The Roundup 2/5: Defacto Thezpian's Step In The Right Direction
Defacto Thezpian and Lil Bob Doe fight through some bad beats, but are a fun duo on Facts About Bob, plus new work from C. Pitt, Alex Aff and Kooley High.
It was always going to be a long shot, but we were still disappointed to see Rapsody coming home from her second Grammys without some new hardware last week. But alas, hip-hop in the Old North State must press on, and in fact, the future is very bright. Here’s some of what piqued our interest in the past few weeks, from artists old and new.
Defacto Thezpian x Lil Bob Doe - Facts About Bob EP
A longtime veteran of the Triangle hip-hop scene, Defacto Thezpian has been indisputably one of the best rappers in the area, technically speaking, for some time. Throughout that period, though, his potential has been constantly constrained by a tendency to rap over beats that ranged from decent to almost unlistenable. In that regard, Facts About Bob, his collaborative EP with Durham rapper Lil Bob Doe, both represents an encouraging step in the right direction, and also a maddening, continued loyalty to his old approach.
In rap music nationwide, the instrumental has never wielded more importance than it does at this very moment. So while a whole lot of rappers are making it big by saying nothing at all over a really catchy, infectious beat, you’d be hard-pressed to find even the most mind-bendingly talented emcees finding success with instrumentals that no one wants to listen to.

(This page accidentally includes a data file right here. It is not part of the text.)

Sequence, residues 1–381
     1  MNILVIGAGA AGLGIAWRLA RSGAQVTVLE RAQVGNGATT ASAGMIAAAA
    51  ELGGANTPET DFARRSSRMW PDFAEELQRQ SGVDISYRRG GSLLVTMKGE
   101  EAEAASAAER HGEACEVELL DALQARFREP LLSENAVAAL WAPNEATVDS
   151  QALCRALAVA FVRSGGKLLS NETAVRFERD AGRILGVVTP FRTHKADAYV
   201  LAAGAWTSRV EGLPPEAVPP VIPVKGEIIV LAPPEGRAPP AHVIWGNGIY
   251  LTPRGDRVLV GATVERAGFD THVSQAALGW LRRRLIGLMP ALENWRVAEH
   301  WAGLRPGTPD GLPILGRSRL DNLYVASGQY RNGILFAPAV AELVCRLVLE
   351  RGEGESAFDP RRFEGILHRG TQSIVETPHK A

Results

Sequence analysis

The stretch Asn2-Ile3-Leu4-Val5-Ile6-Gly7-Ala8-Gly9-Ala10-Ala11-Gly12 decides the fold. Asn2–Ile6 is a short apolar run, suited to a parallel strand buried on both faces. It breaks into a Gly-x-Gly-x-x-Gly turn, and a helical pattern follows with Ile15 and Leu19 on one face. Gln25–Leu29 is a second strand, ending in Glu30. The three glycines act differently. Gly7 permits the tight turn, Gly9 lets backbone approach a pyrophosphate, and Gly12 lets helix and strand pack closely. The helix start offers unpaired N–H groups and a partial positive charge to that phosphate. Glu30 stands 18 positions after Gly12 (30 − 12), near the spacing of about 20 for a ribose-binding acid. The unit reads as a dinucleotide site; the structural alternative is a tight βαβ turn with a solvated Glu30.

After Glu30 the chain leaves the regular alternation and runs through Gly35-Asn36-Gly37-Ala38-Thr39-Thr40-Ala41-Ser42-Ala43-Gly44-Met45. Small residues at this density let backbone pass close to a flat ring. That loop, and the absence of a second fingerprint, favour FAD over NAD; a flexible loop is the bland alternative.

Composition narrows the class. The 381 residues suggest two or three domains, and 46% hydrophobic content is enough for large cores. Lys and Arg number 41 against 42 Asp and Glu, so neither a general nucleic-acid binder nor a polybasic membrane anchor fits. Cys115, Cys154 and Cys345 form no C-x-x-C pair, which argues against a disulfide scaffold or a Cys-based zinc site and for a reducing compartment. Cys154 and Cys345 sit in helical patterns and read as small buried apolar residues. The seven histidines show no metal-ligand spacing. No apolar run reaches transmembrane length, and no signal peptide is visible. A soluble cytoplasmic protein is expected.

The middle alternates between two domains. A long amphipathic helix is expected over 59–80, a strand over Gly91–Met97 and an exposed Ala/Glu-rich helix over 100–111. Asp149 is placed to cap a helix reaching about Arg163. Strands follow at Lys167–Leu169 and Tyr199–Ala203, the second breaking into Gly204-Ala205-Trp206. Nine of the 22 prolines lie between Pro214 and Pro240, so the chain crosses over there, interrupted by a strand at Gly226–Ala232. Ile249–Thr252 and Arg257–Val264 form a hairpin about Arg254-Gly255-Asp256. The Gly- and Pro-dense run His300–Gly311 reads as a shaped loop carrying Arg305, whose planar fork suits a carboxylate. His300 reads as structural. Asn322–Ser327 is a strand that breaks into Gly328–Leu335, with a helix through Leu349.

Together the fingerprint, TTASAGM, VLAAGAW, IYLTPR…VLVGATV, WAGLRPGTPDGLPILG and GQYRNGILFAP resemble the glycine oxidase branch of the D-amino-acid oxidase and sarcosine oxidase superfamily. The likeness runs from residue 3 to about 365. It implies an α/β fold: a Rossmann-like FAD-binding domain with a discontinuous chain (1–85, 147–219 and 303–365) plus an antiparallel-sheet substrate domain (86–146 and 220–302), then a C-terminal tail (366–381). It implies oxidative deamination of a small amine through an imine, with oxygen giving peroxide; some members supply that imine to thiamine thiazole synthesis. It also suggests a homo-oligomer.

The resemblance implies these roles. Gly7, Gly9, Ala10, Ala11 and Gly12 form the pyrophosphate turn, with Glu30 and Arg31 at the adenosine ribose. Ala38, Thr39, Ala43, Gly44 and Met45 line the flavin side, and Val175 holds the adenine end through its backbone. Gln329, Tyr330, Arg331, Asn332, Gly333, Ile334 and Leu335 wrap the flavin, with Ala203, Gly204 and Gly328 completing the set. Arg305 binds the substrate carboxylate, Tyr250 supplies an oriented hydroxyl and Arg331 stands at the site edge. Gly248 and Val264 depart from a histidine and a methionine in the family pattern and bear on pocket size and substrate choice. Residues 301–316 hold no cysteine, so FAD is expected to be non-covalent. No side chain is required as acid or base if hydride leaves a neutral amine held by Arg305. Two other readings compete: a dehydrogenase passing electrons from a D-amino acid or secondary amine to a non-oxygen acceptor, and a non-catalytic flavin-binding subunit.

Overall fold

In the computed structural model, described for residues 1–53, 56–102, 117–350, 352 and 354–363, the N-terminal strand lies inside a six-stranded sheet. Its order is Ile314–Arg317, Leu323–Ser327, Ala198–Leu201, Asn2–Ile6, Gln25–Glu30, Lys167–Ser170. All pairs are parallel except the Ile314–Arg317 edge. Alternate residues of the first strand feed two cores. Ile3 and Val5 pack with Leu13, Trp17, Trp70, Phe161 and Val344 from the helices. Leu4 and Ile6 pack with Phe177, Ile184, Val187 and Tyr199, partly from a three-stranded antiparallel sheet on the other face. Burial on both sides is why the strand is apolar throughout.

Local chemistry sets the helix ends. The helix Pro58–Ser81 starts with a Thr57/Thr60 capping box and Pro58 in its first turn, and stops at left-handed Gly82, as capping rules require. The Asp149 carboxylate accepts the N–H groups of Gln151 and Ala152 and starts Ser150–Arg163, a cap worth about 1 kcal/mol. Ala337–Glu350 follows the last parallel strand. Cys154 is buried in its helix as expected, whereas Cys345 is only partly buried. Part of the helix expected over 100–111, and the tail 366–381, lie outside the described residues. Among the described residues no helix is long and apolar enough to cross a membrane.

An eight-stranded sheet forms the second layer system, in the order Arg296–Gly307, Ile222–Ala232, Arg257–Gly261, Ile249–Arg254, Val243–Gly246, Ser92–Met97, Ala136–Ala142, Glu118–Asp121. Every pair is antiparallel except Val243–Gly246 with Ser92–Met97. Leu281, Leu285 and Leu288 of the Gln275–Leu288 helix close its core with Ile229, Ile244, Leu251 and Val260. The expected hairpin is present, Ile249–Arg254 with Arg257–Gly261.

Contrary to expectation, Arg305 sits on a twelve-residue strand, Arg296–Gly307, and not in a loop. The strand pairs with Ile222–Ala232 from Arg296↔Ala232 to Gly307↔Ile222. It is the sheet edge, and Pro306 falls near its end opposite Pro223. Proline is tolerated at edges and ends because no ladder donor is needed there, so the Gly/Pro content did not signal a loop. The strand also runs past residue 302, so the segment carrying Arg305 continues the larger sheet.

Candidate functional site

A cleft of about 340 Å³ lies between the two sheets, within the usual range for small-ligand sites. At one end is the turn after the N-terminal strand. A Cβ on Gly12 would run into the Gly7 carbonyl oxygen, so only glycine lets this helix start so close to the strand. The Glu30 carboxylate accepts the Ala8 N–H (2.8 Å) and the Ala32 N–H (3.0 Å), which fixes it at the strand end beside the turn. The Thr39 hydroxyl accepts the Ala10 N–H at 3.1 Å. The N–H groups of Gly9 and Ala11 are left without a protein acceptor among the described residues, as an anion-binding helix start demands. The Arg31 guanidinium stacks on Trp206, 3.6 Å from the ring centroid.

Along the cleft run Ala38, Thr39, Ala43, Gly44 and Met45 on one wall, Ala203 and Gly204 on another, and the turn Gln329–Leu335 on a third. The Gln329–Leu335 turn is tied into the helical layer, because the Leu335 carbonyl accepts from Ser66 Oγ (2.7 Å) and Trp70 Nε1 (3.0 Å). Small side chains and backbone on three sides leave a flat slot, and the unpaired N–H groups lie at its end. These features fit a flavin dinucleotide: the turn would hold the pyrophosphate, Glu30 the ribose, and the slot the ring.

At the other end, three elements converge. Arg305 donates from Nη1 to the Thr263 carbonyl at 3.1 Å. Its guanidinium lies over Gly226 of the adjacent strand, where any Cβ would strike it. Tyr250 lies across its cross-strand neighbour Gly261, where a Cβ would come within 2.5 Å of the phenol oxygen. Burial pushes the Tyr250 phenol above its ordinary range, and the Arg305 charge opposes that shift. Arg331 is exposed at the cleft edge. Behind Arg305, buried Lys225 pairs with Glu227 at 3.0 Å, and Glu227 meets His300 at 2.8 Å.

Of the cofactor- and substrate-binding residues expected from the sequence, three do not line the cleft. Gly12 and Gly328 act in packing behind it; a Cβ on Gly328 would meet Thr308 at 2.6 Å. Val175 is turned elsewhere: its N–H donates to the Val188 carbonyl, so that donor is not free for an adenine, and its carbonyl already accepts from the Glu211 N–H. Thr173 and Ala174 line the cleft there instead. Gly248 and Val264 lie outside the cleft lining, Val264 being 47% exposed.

Defacto still struggles with this dynamic — on the track “Mommy,” some of my favorite bars from Defacto (and great storytelling from Bob as well) fight for airtime against a droning, monotonous horn kit that sounds eerily as if you are flatlining in a hospital bed. On “MinuteMade,” a sloppy, low-fi sample echoing in the background acts like an annoying fly that no listener can swat, no matter how hard he or she tries.
But Facts About Bob also has its production bright spots. The horn kit in “SchnozDoe” remains problematic (these sounds need to be deleted off all computers ASAP), but the bounce and energy is a fertile foundation for Defacto and Bob to go in over. And “Sweatpants,” the lone track produced by Triangle hip-hop pioneer K-Hill, is a great sound to kick off the album with.
When it comes to rapping, this also may be Defacto’s best effort to date. Typically prone to long bouts of punchline-packed paragraphs, Facts represents some of the clearest and most intentional cases yet of Defacto stretching out his words and letting empty space fill the void. Right from the album’s syncopated opening, “Back to ballin’, back to callin’ Moms, I know you need me,” we get a cadence we’ve never heard before. Similar experiments spring up throughout the album, and it’s a welcome addition to the emcee’s arsenal.
Lil Bob Doe’s presence on the interwebs is far weaker, and it’s a shame, because his voice and delivery is unlike anyone else’s in the Triangle. On Facts About Bob, he provides an impressive range of speeds, tones and flows, with witty lines to boot: “I’m sleepin’ with one eye open, them bitches think I’m Nick Fury.” Here’s hoping we get more of his larger-than-life sounds in 2018, more slowed-down Defacto bars, and please, some better beats.